Maine moving ahead with regional center to attract foreign investors
Under the EB-5 program, foreign entrepreneurs can get visas for investing in projects such as a proposed $40 million Chinese medical tourism facility in Auburn that create jobs for U.S. workers.
The state is moving forward with development of a regional center to connect foreign investors to projects in Maine, such as a $40 million Chinese medical tourism facility proposed for Auburn.
Under the federal EB-5 visa program, foreign investors, their spouses and unmarried children under 21 get visas to live in the U.S. and, eventually, green cards for permanent residency if they make the necessary investment in a commercial enterprise.
An investment project also has to create or preserve 10 permanent full-time jobs for qualified U.S. workers.
The minimum qualifying investment is $1 million, but can be as low as $500,000 within a high-unemployment or rural area in the U.S.
A representative for the proposed medical tourism facility in Auburn has said such a regional center would be critical to getting that project going.
The Maine Department of Economic and Community Development first considered becoming a regional center two years ago. In November 2016, department Commissioner George Gervais said he expected to hear from the federal government “any day now.”
The department would wait nearly another year. Approval came last September.
“We kind of set this aside because we didn’t really know if it was ever going to come,” Gervais said Tuesday. “There was one member of our team who was quite persistent, and lo and behold, we got approved.”
The department is establishing policies and procedures for the new center – important, Gervais said, considering the alleged fraud and other problems that have plagued some other centers, including a variety of scandals at centers in Illinois, New York, Vermont and Washington.
“We are studying those examples and we are just making sure we have all the proper controls, checks and balances in place so that this is nothing but positive for Maine,” Gervais said.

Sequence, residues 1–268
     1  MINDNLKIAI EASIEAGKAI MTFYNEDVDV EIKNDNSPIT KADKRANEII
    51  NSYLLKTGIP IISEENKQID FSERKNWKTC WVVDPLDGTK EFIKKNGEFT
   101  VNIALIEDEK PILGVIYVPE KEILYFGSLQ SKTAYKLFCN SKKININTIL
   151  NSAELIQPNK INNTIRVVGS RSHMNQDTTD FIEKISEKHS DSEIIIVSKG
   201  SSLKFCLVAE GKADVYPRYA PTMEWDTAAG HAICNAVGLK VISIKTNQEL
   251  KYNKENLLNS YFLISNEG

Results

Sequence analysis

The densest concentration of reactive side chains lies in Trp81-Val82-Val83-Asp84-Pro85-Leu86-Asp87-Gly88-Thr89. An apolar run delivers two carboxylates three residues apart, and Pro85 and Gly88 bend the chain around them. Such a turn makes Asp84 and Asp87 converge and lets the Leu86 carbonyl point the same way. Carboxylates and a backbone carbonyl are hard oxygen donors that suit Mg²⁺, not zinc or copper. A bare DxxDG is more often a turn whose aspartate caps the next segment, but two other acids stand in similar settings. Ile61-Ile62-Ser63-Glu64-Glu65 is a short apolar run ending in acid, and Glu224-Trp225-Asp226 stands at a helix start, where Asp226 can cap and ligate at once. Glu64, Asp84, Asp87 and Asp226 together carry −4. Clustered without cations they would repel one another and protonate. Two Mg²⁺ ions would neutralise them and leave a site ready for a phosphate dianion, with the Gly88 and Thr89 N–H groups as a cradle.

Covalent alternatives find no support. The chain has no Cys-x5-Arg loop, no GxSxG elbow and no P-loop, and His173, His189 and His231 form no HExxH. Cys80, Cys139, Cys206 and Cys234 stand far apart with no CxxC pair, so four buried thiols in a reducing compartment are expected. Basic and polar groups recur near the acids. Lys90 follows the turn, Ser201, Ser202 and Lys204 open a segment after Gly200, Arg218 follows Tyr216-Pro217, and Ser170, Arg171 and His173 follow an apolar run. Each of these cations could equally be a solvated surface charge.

In 2013, the U.S. Securities and Exchange Commission issued an alert to warn investors about scams seeking to exploit the EB-5 program. But Gervais believes the program, done right, can bring badly needed money to Maine projects.
This would not be the first regional center in Maine. Over the years, private groups – including the owners and executives of Saddleback ski resort in Rangeley – have started regional centers, but none has attracted any money to Maine, Gervais said.
He said the state’s new regional center already has some project leaders “that are very interested” in participating in the program. One of them is Miracle Enterprise, a China-based group that plans to turn the former Lunn & Sweet Shoe Co. factory on Minot Avenue into a five-star resort catering to rich Chinese patients seeking American medical treatments.
Gervais said his department has not been in touch with Miracle Enterprise recently. Some project leaders haven’t yet heard about the state’s regional center approval, he said, so department staff will reach out to them soon.
“There are some projects who are aware of our approval and they are … applying pressure to get us going. But we still have to take our time to make sure we do it right,” Gervais said.
A representative for Miracle Enterprise could not be reached Tuesday.
Auburn Economic and Community Development Director Michael Chammings said he spoke to Miracle Enterprise’s project manager less than two months ago and the group was then working its business plan around the lack of a regional center.
“I’m sure they’re happy the program has been put into place,” he said.
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